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The other half: women at the Australian international exhibitions (1879, 1880 & 1888)


Orr, K, The other half: women at the Australian international exhibitions (1879, 1880 & 1888), Proceedings of Seize the Day: Exhibitions, Australia and the World, October 2006, Melbourne, pp. 1-15. (2006) [Non Refereed Conference Paper]

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Nineteenth-century exhibitions gave colonial women opportunities to participate in society at a time when they were largely excluded from public life. At the Australian international exhibitions of 1879, 1880 and 1888, colonial women were enthusiastic exhibitors – the participation rate in 1879 being almost three times greater than at the preceding Paris Exposition Universelle.

The Australian ladies’ courts, despite their limitations, gave women and their work new status. They were genteel affairs, celebrating women’s particular contributions in the private, domestic sphere and supporting the idea that the home was the basis of social morality; that it was woman who made the home, and the home the nation.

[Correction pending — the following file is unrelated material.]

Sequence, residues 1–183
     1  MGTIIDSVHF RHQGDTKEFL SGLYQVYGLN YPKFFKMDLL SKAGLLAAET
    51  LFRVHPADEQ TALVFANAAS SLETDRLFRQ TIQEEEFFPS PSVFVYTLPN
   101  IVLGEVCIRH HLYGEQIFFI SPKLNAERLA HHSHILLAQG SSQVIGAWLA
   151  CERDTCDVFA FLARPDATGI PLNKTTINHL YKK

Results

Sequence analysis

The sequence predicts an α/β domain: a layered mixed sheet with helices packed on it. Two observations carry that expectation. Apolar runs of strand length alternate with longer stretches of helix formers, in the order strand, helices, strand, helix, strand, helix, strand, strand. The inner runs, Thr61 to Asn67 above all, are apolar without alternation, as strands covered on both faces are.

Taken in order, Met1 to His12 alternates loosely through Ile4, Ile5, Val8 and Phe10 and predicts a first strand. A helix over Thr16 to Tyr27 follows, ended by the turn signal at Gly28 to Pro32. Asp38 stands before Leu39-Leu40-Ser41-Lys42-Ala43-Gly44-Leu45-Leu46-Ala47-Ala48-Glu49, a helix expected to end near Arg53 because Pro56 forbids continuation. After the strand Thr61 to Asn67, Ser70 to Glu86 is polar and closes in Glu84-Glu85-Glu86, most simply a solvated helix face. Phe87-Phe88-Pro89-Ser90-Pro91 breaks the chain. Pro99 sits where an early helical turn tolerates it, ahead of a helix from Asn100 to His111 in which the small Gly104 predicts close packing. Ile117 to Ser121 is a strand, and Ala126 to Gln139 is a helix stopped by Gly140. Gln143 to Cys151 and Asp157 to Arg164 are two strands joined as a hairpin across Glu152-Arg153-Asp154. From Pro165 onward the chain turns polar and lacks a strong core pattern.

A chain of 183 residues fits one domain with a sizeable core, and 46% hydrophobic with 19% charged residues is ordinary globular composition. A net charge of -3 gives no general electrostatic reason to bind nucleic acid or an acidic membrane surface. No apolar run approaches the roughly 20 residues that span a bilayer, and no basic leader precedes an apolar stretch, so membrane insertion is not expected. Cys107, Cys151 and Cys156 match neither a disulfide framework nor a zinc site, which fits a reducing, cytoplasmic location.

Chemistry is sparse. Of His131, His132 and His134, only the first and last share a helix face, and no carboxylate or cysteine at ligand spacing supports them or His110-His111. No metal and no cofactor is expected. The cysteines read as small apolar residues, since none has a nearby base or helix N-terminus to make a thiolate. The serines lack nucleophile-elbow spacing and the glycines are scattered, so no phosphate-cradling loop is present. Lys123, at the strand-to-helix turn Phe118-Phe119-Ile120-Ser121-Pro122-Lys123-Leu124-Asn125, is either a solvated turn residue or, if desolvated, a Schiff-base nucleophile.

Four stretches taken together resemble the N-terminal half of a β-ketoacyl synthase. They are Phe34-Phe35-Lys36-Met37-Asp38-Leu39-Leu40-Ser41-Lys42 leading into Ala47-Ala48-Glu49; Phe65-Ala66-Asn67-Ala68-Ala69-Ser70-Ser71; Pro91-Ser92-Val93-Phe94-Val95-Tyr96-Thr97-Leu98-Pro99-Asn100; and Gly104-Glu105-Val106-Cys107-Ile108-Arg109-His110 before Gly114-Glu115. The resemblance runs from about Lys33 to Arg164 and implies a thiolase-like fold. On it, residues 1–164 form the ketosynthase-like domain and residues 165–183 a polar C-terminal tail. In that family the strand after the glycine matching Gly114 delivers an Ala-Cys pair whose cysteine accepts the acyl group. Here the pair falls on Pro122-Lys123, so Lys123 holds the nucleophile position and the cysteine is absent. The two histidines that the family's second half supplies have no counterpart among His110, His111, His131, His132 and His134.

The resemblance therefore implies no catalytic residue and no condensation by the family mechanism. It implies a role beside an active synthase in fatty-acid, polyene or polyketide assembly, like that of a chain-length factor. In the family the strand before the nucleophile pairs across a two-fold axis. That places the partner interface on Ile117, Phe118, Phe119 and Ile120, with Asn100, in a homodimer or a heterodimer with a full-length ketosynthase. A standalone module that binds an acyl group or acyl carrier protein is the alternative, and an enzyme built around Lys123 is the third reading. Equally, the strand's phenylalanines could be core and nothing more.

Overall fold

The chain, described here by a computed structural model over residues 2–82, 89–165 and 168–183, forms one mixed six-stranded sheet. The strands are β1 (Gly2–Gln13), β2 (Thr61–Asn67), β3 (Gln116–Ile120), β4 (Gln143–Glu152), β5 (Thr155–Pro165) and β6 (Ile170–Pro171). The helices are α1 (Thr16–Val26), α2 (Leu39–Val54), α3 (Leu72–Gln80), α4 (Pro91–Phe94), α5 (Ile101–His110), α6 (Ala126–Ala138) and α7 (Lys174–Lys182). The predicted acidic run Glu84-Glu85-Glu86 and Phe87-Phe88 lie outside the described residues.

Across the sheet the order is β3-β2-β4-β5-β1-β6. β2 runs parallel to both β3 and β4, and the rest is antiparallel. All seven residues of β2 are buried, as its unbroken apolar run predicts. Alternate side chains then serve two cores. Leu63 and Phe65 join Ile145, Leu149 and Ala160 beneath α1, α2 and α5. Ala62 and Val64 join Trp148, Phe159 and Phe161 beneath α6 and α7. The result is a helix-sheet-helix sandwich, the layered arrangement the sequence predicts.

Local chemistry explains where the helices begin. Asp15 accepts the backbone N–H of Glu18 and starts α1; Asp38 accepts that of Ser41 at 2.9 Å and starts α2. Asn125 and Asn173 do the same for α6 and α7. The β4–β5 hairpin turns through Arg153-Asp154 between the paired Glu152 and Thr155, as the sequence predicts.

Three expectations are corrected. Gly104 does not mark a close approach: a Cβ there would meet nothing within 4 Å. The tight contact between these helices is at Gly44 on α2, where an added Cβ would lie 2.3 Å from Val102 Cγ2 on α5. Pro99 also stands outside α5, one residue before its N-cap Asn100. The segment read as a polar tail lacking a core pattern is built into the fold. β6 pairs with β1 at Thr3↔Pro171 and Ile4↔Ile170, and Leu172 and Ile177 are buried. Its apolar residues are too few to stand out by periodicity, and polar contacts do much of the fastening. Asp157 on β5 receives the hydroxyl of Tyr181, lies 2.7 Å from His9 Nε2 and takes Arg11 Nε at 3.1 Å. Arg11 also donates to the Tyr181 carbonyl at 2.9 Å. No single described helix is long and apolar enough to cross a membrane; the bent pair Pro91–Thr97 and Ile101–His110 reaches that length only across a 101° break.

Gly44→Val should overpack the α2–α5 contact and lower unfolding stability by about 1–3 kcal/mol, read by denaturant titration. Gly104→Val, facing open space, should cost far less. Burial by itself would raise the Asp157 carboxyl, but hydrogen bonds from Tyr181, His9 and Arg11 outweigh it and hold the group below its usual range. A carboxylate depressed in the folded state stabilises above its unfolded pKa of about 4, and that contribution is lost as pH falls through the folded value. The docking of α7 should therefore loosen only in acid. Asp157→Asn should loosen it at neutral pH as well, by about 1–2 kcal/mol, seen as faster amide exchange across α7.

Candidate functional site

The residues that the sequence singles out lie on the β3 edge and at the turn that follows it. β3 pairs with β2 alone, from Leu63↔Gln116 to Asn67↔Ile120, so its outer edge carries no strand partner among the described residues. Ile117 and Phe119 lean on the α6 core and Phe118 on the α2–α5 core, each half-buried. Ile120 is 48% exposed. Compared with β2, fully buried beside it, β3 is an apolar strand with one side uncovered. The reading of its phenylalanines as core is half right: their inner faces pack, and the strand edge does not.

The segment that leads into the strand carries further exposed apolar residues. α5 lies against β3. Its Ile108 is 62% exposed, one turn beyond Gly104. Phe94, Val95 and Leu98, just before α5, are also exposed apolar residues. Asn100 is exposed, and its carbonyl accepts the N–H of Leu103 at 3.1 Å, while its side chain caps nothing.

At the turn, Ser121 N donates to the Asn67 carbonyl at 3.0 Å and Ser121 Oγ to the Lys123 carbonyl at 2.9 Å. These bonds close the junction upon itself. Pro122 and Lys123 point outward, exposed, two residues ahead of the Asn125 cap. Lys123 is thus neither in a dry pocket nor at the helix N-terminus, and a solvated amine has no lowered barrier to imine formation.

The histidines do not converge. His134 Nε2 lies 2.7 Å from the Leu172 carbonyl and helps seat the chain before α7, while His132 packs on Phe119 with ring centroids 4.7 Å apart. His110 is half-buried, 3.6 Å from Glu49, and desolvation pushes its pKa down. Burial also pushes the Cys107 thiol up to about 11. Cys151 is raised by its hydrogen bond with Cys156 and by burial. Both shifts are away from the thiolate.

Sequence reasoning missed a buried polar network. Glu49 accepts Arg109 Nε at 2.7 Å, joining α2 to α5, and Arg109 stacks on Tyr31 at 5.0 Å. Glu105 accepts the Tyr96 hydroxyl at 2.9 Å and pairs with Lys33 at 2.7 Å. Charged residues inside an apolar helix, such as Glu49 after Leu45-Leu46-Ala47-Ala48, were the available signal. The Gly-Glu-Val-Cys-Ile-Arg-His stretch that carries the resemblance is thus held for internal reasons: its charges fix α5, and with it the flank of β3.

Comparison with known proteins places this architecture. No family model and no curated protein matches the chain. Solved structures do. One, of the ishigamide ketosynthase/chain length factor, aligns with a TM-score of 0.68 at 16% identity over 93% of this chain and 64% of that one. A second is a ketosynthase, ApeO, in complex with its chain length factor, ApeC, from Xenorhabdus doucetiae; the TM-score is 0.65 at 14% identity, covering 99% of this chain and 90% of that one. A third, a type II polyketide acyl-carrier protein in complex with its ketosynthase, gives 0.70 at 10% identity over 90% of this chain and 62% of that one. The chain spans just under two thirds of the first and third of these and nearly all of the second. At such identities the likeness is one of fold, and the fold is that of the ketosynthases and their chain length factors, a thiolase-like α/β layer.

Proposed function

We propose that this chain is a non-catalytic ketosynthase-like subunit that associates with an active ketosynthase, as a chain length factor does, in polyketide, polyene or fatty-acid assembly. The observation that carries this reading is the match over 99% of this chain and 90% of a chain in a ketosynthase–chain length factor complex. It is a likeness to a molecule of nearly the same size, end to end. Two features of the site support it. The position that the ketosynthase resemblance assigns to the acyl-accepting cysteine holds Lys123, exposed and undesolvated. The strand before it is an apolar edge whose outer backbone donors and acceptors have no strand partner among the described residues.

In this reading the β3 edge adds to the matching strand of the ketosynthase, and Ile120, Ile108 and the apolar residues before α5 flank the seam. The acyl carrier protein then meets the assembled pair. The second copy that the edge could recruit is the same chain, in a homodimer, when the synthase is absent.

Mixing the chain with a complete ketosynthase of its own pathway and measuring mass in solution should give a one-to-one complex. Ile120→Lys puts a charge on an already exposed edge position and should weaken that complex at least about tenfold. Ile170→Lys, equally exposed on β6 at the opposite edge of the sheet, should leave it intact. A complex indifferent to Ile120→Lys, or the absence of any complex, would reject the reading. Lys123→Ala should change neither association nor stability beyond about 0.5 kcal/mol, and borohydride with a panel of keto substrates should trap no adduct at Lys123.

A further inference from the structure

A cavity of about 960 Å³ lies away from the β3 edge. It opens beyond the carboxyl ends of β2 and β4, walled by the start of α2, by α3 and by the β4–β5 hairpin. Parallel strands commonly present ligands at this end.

These exhibitions, together with greater educational opportunities, made it possible for women to begin to promote their interests in, and claims to, autonomy, equality, inclusion and citizenship and laid the groundwork for their role in the Federation movement.

Item Details

Item Type:Non Refereed Conference Paper
Keywords:women exhibitors, first international exhibition
Research Division:Built Environment and Design
Research Group:Architecture
Research Field:Architectural history, theory and criticism
Objective Division:Culture and Society
Objective Group:Understanding past societies
Objective Field:Understanding Australia's past
UTAS Author:Orr, K (Professor Kirsten Orr)
ID Code:107720
Year Published:2006
Deposited By:Architecture
Deposited On:2016-03-22
Last Modified:2016-03-22

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